Sunday, September 30, 2007

A Vacation in the Great Indoors

If you only read yesterday's post, you might get the feeling like you were missing something. This should fill in the gaps.

We took a vacation. Goodness knows, we needed one. Deborah foresaw this need back in January, and went to the local Ramada and got one of each brochure on the rack. After a lot of phone calls and investigation, she picked out the Kalahari resort and waterpark in Sandusky, Ohio.

Did I mention that this is an indoor waterpark? I've been to several while I was in California and Spain — pretty much ideal places for an outdoor waterpark — but this one was built to appeal to us poor midwesterners that don't have year-round access to warm, sunny skies. There wasn't any need for sunscreen or insect repellent, even. We scarcely knew what the real weather was like outside. It currently bills itself as "Ohio's largest indoor waterpark" with signs promising "America's largest indoor waterpark" come December.

The place was big. Real big. I haven't altered this shot, other than to do some color correction. Fortunately, our room wasn't too far down this hallway.

We got there on Monday afternoon in what was definitely the off-season. The parking lot, built for thousands of cars, held perhaps twenty. Lines for the slides and rides were virtually non-existent. We practically had the place to ourselves.

The "Leopard's Lair" was definitely the centerpiece of the waterpark, with all kinds of slides, water wheels, valves, and hoses all over the place. A water-wheel-driven bell counted off the seconds until the enormous bucket at the top would be full and dump out again. So there was a constant clanging amidst the roar that gave the place the feel of some huge, steamy factory.

The kids were scared at first of the noise of the place — a constant, thundering roar, along with clanging, the screams of people on various rides, and the weird wail of the Zip Coaster launching rafts into weightlessness. We all got used to it pretty quickly, though.

Despite the enormity of the place, every inch of the space was accounted for, so much so that it sometimes was difficult to figure out where the entrance to a particular attraction was. We kept discovering more things, like a "lazy river" inner-tube ride (Fiona's favorite) or the not-immediately-evident kids' area.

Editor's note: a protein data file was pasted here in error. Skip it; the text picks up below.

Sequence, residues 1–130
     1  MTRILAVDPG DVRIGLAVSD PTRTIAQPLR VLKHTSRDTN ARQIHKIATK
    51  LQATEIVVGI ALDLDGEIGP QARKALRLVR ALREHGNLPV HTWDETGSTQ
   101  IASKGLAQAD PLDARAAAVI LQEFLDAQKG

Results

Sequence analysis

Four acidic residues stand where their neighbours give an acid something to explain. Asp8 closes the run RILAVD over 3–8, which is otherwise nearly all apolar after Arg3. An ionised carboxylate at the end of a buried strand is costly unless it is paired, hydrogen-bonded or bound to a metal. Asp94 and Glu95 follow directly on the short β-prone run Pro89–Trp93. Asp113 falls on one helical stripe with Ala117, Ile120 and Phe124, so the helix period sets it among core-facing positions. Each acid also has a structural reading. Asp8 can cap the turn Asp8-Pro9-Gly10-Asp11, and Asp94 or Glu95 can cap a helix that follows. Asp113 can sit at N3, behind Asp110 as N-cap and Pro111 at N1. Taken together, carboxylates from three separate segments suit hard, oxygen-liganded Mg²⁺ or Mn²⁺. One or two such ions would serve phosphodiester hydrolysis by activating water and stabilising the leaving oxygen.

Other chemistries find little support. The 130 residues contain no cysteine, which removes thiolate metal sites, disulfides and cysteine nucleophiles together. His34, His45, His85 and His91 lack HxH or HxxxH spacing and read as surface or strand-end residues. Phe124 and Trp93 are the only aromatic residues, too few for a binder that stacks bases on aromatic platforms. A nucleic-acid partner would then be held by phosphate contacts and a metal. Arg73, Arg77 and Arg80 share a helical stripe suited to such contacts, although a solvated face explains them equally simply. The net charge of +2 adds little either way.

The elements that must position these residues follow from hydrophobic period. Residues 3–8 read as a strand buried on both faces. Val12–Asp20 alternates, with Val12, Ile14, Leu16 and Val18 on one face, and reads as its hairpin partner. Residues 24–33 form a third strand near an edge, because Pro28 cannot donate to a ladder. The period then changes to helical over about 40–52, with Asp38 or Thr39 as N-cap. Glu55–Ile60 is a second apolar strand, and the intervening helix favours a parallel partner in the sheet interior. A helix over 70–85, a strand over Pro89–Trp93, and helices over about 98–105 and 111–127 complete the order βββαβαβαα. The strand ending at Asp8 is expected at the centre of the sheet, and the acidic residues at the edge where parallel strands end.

Fiona and Aiden enjoy the water slide in the kids' pool. At first, they were afraid of the place, and all its noise and splashing, but they were having a blast by the third day.

This is probably one of my favorite shots that I got on this trip. Aiden liked to do whatever I was doing while it was my turn to watch the kids at the kiddie pool, and he sat down beside me and flashed me this huge grin.

Can you find Deborah?

They had dry entertainment, too. This was a huge "treehouse" with all sorts of ladders and tunnels, and lots of little rubber balls. Here, Fiona discovers what happens if you put a ball into a fast column of air. We also discovered that you can get two of them going at the same time — they go around each other in a fascinating, orbiting dance.

Since it was Paul's birthday, we brought him along. And we gave him a shirt, too, but he doesn't know that yet in this picture.

Here, fishy, fishy, fishy. Being the aquarist that I am, I had to stop and admire the fishtanks and their denizens. This tank was set into the side of a swimwear shop.

One aspect of the place I didn't care for much was the unspoken attitude of "we will have all your money before you leave." I would have blogged about this during the trip, but paying $9.95 per day to try to access the internet through a wonky infrared keyboard hooked up to the TV, or $5.95 per 15 minute increment to use the much nicer Mac down in the lobby seemed a bit excessive, especially when I've been plenty of other places that provided a computer room for free. Our restaurant the first evening was a bit of a shock, too — granted, there were five of us, and we were treating Paul for his birthday, but it's the most I've paid for a meal, ever. They did have enough things that actually interested me, though (like surf lessons) that they ended up with a fair amount anyway.

A silly souvenir. Some shops sold the usual junk (Oh yes, I want a shot glass with the hotel's name on it. Not.) but others had handmade items, like this zebra mask. Deborah's modeling it here, but Paul really made it look right, especially while wearing a Hawaiian shirt.

An African theme was evident throughout the place, many of the decorations being apparently genuine imports, which I found surprising. Fiona said that this must be a porcupine. I'll go for that explanation.

OK, I've taken some kidding about my blog being "all food, all the time" but this really does deserve a mention. This is the Kalahari Wrap at the Karoo Marketplace restaurant, and it's yummy.

Yes, we chlorinate our water. When we went, my swim suit was the same color inside and out. Now, instead of being all green, the outside is a sort of odd orange. In all fairness, we were in the water about six or seven hours per day.

All in all, we had a fun, relaxing time. With all the amazing number of things that could have gone wrong on such a trip, none of them did. No one felt left out, or unduly imposed upon. We all got to enjoy what we wanted to do.

We're back home now, and taking a big breath before life begins again.

No comments: